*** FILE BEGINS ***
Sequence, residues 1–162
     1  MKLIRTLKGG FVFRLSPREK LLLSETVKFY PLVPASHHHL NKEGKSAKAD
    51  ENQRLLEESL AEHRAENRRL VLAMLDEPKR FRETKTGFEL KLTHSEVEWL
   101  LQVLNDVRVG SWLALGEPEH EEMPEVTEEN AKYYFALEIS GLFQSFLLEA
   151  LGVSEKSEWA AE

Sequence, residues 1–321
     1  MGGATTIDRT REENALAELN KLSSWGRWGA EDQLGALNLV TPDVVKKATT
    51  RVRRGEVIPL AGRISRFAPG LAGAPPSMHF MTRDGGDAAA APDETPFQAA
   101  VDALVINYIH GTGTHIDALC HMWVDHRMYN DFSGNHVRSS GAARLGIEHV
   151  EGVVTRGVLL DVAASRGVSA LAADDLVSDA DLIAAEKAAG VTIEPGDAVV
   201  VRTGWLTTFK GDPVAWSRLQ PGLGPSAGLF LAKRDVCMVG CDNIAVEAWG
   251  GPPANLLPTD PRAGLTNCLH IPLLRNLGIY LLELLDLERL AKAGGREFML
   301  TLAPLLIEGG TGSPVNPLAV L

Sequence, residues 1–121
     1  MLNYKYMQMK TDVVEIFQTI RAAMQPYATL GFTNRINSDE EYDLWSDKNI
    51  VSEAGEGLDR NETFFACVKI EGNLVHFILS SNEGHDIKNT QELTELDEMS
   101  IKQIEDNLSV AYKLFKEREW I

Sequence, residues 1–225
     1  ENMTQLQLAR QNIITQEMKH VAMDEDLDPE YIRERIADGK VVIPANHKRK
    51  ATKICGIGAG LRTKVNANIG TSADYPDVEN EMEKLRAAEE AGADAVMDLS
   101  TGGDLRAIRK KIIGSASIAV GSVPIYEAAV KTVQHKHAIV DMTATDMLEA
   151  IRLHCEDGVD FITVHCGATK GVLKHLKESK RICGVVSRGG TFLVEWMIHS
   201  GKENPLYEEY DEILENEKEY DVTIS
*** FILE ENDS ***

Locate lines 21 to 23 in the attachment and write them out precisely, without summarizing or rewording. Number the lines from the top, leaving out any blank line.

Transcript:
   101  TGGDLRAIRK KIIGSASIAV GSVPIYEAAV KTVQHKHAIV DMTATDMLEA
   151  IRLHCEDGVD FITVHCGATK GVLKHLKESK RICGVVSRGG TFLVEWMIHS
   201  GKENPLYEEY DEILENEKEY DVTIS